- Two-thirds of CEOs gone by time companies file bankruptcy
- `It just may not be that easy to find a new CEO' for SunEdison
The complicated beast that Chief Executive Officer Ahmad Chatila created at SunEdison Inc. may be part of the reason he’s still there even after the world’s largest clean-energy developer filed for bankruptcy last week. It may not protect his job for long.
Chatila led the company through a two-year, $3.1 billion acquisition spree that spanned six continents, and he oversaw the creation of two publicly traded yieldco units while racking up $16.1 billion in liabilities. That sprawling empire would be a challenge for any new CEO to oversee as the Maryland Heights, Missouri-based company seeks to reorganize through Chapter 11.
“It just may not be that easy to find a new CEO,” said B. Espen Eckbo, a finance professor at Dartmouth College’s Tuck School of Business.
Chatila is one of the few people with a detailed understanding of SunEdison’s expansive operations, and that expertise is still needed, at least for now.
“This could be a case where the CEO has special knowledge that would be useful to the new bosses,” said Steven Azarbad, chief investment officer Maglan Capital LP, a New York-based hedge fund that focuses on distressed assets. He held shares in SunEdison for about four months, until its planned $1.9 billion acquisition of Vivint Solar Inc. fell apart in March.
“Sometimes they get to hang around and give the keys to the shop, but that’s not necessary,” Azarbad said. “Eventually, the CEO is going to go.”
About two thirds of the time, the CEO is gone by the time a company seeks bankruptcy protection -- either forced out by creditors or board members, or stepping down by choice, according to a December study by finance professors at Dartmouth and Queen’s University in Canada.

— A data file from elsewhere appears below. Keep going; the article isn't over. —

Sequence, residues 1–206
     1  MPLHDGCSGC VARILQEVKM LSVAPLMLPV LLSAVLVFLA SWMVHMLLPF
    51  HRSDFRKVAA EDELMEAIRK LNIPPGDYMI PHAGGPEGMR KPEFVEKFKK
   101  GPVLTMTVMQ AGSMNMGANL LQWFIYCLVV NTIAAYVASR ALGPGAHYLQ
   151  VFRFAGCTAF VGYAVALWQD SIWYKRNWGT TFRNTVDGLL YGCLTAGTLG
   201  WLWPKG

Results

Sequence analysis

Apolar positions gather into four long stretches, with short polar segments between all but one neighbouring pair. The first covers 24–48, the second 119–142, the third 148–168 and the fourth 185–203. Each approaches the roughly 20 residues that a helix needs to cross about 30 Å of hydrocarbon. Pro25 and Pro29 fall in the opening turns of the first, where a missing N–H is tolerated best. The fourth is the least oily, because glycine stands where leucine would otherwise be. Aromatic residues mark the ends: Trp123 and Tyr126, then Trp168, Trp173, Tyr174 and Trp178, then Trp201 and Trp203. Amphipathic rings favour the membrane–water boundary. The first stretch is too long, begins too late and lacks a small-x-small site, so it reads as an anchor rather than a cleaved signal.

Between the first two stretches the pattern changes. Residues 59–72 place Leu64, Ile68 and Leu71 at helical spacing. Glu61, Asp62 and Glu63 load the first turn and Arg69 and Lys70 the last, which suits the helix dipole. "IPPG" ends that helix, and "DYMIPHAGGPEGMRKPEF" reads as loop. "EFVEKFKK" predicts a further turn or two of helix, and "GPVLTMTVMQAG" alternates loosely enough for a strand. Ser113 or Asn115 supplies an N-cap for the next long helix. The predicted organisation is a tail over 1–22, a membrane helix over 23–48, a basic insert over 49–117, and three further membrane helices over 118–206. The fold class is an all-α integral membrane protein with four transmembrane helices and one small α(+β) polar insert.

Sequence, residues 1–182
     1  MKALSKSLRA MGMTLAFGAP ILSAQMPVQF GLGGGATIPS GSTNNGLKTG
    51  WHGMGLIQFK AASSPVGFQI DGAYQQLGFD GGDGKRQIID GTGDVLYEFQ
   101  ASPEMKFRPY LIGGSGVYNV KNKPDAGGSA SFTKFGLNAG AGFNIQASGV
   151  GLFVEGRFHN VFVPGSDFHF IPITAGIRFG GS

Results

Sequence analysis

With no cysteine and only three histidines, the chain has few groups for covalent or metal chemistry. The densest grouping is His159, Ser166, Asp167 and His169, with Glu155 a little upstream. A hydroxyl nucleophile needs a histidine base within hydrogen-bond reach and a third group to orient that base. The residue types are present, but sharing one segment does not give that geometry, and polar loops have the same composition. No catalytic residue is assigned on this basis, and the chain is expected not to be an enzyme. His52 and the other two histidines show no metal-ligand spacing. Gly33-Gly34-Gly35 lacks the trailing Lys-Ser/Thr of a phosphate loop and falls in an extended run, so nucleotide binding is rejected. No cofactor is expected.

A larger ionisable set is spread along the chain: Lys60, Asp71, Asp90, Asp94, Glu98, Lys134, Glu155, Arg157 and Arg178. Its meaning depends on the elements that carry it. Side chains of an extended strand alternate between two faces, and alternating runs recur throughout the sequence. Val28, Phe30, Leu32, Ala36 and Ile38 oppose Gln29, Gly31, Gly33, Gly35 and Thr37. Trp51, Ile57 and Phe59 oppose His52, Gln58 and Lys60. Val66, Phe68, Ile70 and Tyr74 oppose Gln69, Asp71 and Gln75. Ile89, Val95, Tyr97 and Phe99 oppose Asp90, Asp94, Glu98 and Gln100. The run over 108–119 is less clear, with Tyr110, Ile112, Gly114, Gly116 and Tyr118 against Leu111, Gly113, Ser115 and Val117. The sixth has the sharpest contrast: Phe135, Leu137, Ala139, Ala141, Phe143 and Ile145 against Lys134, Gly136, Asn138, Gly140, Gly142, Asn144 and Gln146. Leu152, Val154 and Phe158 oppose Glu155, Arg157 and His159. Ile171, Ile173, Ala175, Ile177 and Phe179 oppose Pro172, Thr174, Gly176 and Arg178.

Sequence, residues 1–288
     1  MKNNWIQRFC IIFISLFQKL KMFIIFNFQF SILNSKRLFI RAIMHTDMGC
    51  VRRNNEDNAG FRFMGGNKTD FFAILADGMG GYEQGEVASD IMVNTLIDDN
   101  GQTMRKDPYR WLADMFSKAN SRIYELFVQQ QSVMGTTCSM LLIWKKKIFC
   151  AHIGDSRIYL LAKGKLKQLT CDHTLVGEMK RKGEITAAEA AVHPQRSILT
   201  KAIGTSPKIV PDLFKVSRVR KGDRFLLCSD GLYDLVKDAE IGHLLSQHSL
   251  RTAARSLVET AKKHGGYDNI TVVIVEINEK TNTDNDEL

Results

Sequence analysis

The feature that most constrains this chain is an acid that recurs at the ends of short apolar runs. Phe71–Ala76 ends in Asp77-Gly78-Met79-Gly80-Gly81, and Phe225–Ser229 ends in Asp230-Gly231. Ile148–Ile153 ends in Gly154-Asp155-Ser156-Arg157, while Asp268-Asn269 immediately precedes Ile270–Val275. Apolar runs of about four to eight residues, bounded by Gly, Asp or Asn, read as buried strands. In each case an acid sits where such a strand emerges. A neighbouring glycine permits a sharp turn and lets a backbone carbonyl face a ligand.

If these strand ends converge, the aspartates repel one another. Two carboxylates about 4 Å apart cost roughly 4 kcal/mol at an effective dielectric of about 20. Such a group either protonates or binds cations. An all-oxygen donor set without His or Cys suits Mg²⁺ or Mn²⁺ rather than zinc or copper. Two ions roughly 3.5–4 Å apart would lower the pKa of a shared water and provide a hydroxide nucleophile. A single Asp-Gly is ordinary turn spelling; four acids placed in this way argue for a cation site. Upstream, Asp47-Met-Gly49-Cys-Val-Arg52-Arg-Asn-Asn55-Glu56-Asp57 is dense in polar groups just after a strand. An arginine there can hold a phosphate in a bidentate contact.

Once a company lines up Debtor In Possession financing, as SunEdison did with a $300 million loan last week, the CEO’s departure becomes even more likely, according to Eckbo, a co-author of the report.
“With DIP financing, there’s a higher likelihood the CEO will go,” Eckbo said.
Ben Harborne, a SunEdison spokesman, declined to comment.
SunEdison’s portfolio of wind and solar farms under development has value, and some creditors may expect Chatila will be able to get the most for them, according to Gordon Johnson, an analyst at Axiom Capital Management.
“The equity investors who are also in the debt think these assets still have value,” Johnson said in an interview. “I think that’s why Chatila is still in his seat.”
Chatila remains on the board of one of SunEdison’s two yieldcos, TerraForm Power Inc., which is controlled by SunEdison and trades separately. Both TerraForm Power and its sister company TerraForm Global Inc. own operating power plants developed by SunEdison and lenders may want to hold on to Chatila’s institutional knowledge of the complicated interrelated companies.
The odds are against Chatila remaining with SunEdison. By the end of a restructuring, more than 80 percent of CEOs have left, according to Dartmouth’s Eckbo.
“These are basically broken companies,” Eckbo said. “It’s as if there’s a new sheriff in town, and the old guy probably should have been fired a long time ago.”